Twittert account: tweet rate

William Brombal Chinelato's Avatar

William Brombal Chinelato

25 Mar, 2010 11:15 PM

I started following RubyGems on Twitter a few weeks ago because I thought it would be great to be updated about the new gems and new versions.

Unfortunately, I had to stop following RubyGems because the "tweet rate" is just too high. For example: a user updated his gem 5 times in a row and I got 5 tweets. In the end, 90% of the tweets I was getting was from RubyGems, telling me about every single update.

My suggestion would be send less updates, maybe every 30-40 minutes. This would reduce drastically the number of tweets. The new tweet could send a link to a page in RubyGems where I would find all the gems that were updated so far, highlighting those that are more important. For example: activerecord 2.3.5, activesupport 2.3.5, ..., more at [some address].

  1. Support Staff 1 Posted by Eric Hodel on 25 Mar, 2010 11:17 PM

    Eric Hodel's Avatar

    Why not use the RSS feed instead?

  2. Support Staff 2 Posted by Nick Quaranto on 26 Mar, 2010 01:07 AM

    Nick Quaranto's Avatar

    I follow @RubyGems (along with 600 other accounts) so it's just noise to me. I think the purpose of the account is to be high volume since it really is a real-time stream.

    I'll propose a challenge: Using the gem webhook system, can you have a twitter account that spits out rubygem updates for every rubygem that is updated, yet doesn't tweet as often? I'm honestly not sure how you would do it while still making each gem release retweetable (the original purpose of having the account)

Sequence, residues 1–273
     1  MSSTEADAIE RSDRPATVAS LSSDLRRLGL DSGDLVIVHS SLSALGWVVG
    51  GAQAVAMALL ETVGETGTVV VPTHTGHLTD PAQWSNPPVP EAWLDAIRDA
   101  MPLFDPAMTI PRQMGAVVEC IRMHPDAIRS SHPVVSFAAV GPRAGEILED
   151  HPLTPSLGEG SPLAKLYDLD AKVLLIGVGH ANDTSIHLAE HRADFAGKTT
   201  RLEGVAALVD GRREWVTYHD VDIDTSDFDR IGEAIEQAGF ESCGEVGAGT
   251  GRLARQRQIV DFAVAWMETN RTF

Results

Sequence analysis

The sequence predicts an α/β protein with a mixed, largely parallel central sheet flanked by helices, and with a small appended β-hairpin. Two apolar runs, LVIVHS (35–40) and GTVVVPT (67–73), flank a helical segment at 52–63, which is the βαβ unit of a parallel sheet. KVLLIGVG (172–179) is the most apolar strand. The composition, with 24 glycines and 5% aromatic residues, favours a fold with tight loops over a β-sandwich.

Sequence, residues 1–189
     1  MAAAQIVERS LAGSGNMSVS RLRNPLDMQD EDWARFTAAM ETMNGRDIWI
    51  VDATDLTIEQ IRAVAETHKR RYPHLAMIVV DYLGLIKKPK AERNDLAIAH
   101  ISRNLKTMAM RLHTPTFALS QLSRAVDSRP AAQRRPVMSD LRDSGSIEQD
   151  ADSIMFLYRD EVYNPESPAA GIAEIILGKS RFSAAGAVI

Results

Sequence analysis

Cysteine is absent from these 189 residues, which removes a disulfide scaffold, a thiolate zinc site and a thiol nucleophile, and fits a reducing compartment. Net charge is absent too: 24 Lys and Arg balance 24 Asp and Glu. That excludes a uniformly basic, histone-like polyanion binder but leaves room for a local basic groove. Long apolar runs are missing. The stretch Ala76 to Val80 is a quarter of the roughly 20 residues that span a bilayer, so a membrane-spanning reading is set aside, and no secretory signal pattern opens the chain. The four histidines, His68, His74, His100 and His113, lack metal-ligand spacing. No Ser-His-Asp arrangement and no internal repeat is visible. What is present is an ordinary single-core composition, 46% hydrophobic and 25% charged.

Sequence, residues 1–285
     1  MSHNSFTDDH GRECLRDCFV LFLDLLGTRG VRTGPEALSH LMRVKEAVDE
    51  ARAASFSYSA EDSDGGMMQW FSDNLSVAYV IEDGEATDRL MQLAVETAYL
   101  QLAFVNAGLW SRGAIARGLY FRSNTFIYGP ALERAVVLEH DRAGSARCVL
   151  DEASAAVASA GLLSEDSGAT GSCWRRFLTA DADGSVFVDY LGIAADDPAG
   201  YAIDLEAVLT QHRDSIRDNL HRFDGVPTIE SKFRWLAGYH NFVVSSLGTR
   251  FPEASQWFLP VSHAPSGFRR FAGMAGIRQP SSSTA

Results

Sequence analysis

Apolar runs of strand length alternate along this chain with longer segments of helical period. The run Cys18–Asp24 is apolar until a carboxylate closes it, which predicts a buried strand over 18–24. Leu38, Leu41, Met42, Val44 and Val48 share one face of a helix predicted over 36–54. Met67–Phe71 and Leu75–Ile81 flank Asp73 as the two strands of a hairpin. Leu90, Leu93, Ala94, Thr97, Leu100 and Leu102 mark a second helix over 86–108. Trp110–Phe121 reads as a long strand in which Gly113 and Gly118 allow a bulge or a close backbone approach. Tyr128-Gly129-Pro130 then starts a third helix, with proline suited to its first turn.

3. 3 Posted by William Brombal... on 26 Mar, 2010 11:51 AM

    William Brombal Chinelato's Avatar

    I agree with you Nick. The purpose of the account is to update the followers about the gems new versions.

    My complain is that a tweet for every update seems a little bit too much. In the end, you don't really read all the updates, because some gems are not that interesting (and, for some reason, these are the ones that get most of the updates).

    My suggestion would be creating a page in RubyGems where we could access and see the updates of day X, split in time. For example, I would access the page "2010-03-26 updates" and I see all updates for this particular day. I would also have the possibility to filter the updates by gem, author and time of the day (considering that the updates are compiled on a time basis).

    Finally, the Twitter account would send me this link, along with the names of the most important gems, according to the number of donwloads (like in my first example).

    This, in my opinion, would make the updates more meaningful and interesting.

  4. Support Staff 4 Posted by Eric Hodel on 26 Mar, 2010 05:00 PM

    Eric Hodel's Avatar

    That sounds like a lot of work.

    The RSS feed seems to fulfill most of your desired features without requiring vast qmounts of personalization work.

    In any decent RSS reader you can search the feed by gem name and date. (author information is not included)

    How is the Twitter account supposed to include all the "important" gems in 140 characters?

    It reallysoundslikeyou want something that is already implemented, the RSS feed.

  5. Nick Quaranto closed this discussion on 17 Jul, 2010 08:24 PM.

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